And, yes, the GW will be more comfortable than the BMW (narrow seat), and more versatile than the KZP (dual seats, more storage).

Next Q: Can a later engine (maybe the1200) be dropped into the '83?

I'm going to need to find the shop manual and would like the owner's manual -- don't suppose there are PDFs floating around?

Is there a list somewhere of things to check out / suggested modifications?
 

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Yes a 1200 engine will bolt right in with a few modifications depending on the year. Shop manual, I have an extra somewhere around here, owners manual may take some searching.
 

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Discussion Starter #12
Yes a 1200 engine will bolt right in with a few modifications depending on the year. Shop manual, I have an extra somewhere around here, owners manual may take some searching.
I saw an ad for a 1200 being parted out after an accident, dunno which year but the engine runs and might be available cheap.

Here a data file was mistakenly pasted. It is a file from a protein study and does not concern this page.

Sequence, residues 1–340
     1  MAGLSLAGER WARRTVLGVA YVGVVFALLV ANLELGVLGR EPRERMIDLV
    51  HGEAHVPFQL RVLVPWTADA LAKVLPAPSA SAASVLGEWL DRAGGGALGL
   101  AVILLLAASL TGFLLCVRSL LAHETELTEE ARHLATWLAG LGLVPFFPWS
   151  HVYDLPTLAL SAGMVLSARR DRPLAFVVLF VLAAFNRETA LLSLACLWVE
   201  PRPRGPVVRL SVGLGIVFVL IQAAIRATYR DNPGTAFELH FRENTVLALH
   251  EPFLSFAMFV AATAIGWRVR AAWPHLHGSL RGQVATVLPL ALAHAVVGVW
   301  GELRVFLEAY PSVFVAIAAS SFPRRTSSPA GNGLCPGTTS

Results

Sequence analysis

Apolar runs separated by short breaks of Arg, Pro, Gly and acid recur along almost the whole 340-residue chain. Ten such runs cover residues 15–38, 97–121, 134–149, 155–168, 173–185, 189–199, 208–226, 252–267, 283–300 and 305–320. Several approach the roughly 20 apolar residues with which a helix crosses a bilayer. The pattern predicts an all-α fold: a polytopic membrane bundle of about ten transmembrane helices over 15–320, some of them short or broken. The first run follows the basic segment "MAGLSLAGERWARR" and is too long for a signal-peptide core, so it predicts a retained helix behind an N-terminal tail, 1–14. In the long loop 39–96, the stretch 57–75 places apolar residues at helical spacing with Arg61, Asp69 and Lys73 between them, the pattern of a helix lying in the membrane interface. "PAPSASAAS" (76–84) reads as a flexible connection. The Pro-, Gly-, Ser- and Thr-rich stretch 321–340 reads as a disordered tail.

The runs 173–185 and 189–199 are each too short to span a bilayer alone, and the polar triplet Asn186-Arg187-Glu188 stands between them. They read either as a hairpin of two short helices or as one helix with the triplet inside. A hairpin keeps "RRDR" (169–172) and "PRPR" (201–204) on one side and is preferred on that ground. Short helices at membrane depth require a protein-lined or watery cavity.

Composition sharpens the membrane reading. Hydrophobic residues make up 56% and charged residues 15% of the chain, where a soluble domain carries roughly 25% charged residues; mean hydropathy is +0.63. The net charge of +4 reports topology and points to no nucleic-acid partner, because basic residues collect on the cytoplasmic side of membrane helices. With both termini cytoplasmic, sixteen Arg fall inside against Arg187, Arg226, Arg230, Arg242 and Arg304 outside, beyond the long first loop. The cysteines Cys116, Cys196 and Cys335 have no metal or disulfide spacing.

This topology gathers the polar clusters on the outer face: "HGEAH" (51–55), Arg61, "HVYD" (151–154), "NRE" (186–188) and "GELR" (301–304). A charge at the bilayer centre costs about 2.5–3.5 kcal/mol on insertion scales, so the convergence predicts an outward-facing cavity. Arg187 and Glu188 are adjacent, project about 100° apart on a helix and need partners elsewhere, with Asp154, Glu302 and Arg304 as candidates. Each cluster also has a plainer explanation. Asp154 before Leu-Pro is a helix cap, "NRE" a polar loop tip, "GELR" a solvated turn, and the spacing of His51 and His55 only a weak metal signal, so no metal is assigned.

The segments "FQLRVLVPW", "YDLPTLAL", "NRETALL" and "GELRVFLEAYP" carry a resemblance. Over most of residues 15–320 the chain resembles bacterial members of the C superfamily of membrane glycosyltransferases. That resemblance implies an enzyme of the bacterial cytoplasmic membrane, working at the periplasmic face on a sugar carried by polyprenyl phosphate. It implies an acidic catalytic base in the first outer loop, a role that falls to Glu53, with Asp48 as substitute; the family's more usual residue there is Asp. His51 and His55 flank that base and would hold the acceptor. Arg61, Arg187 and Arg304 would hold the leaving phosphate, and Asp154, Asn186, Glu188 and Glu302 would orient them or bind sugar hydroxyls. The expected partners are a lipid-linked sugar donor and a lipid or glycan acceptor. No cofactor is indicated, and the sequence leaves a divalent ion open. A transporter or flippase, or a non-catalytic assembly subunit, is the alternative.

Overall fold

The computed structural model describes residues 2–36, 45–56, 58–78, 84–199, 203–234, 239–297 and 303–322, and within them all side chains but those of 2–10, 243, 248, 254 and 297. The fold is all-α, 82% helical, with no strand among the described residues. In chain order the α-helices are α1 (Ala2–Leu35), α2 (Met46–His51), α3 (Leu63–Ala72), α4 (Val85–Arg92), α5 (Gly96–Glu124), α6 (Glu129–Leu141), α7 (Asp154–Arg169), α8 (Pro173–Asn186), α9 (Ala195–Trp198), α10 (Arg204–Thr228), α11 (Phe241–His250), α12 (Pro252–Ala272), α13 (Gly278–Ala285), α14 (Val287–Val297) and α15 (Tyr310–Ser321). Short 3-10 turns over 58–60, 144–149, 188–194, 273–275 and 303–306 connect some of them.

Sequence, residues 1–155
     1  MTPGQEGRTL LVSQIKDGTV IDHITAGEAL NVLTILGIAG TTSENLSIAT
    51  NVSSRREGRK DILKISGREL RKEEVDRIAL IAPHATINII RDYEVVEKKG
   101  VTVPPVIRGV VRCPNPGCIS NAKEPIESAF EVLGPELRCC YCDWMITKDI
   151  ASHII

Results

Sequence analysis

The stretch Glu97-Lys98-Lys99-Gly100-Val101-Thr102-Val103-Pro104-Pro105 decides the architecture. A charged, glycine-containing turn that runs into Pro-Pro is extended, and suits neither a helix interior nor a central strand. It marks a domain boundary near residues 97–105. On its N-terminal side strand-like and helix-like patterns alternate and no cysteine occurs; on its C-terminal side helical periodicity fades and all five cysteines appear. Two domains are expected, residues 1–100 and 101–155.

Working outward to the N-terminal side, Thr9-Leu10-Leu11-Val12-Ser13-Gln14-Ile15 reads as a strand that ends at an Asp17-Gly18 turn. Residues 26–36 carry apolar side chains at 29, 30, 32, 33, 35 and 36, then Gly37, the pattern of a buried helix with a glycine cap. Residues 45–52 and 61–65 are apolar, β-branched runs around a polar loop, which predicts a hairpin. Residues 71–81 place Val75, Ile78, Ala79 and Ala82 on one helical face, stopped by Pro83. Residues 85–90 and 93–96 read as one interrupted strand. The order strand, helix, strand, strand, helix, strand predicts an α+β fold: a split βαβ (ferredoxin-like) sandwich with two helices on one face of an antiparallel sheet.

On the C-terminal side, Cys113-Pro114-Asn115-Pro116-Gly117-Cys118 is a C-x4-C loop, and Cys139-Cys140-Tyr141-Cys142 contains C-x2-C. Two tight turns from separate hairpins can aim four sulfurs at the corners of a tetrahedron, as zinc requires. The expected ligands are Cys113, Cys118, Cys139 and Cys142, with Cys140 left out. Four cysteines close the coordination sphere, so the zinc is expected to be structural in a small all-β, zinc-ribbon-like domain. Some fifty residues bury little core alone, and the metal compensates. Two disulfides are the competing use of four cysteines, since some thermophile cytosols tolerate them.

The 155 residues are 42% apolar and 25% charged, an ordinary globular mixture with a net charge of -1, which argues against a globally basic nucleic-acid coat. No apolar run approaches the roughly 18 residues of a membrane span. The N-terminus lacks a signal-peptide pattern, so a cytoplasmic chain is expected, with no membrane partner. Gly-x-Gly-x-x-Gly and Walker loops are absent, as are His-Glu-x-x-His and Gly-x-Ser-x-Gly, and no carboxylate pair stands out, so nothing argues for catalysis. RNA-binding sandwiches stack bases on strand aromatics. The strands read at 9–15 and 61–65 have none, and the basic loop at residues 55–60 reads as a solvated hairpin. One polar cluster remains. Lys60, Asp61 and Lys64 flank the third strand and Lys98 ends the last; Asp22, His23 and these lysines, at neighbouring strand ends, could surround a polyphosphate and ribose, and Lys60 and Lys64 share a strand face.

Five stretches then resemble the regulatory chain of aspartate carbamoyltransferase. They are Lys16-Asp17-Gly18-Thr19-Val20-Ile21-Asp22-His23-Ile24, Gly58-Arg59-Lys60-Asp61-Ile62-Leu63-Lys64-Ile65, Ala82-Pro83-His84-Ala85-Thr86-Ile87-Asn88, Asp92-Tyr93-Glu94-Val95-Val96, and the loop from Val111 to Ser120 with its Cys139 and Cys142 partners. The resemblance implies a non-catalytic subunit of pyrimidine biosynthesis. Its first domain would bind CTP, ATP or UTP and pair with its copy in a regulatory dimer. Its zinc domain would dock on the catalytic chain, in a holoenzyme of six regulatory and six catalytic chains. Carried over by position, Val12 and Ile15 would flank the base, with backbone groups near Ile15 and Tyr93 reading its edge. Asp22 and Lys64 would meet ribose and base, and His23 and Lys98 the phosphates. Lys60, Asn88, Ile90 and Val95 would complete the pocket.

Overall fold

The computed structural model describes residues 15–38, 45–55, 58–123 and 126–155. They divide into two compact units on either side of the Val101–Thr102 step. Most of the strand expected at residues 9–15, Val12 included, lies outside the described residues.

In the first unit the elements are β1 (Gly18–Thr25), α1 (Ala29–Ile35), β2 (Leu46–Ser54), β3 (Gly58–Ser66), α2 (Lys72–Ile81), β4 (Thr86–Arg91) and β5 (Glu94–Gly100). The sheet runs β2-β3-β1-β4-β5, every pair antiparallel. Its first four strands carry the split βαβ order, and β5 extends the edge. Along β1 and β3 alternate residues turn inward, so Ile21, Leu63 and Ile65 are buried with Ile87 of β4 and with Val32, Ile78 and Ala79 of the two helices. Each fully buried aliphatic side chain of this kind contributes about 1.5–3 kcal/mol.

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All of a sudden, I have started thinking about buying a Gold Wing.

I've been riding motors since my first Super Cub 55, back in 1968, and envied one or two guys on GWs over the years while I was on Kawasaki and BMW copcycles. Now, I'm looking for something more comfortable than the BMW, and with more capability than I would get with a used KZP.

I'm being offered a 1983 (I think Interstate, I will know more tomorrow) at $500 (been sitting, water pump leaks) and there's a 1989 SE at $1500 not far from where the 83 is. Either way, I have to trailer the motor home, about a 200-mile round trip, and the $1500 is pretty much the limit of the budget.

Question 1: How much work is it to R&R the water pump on the 1100? Same question for the timing belts, which I hear are something I would want to replace.

Q2: Do the digital instruments on the '83 give people trouble (as in, would I be happier with the steam gauges)?

Q3: Is the 1500 better enough to pass the 1100 for (or vice versa)?

Q4: If the '83 is the Interstate, would I be happier looking for an Aspencade instead?

Thanks!
I have four Goldwings. My 84 1200 has 46,000 original miles. It is a very nice bike. Everything works.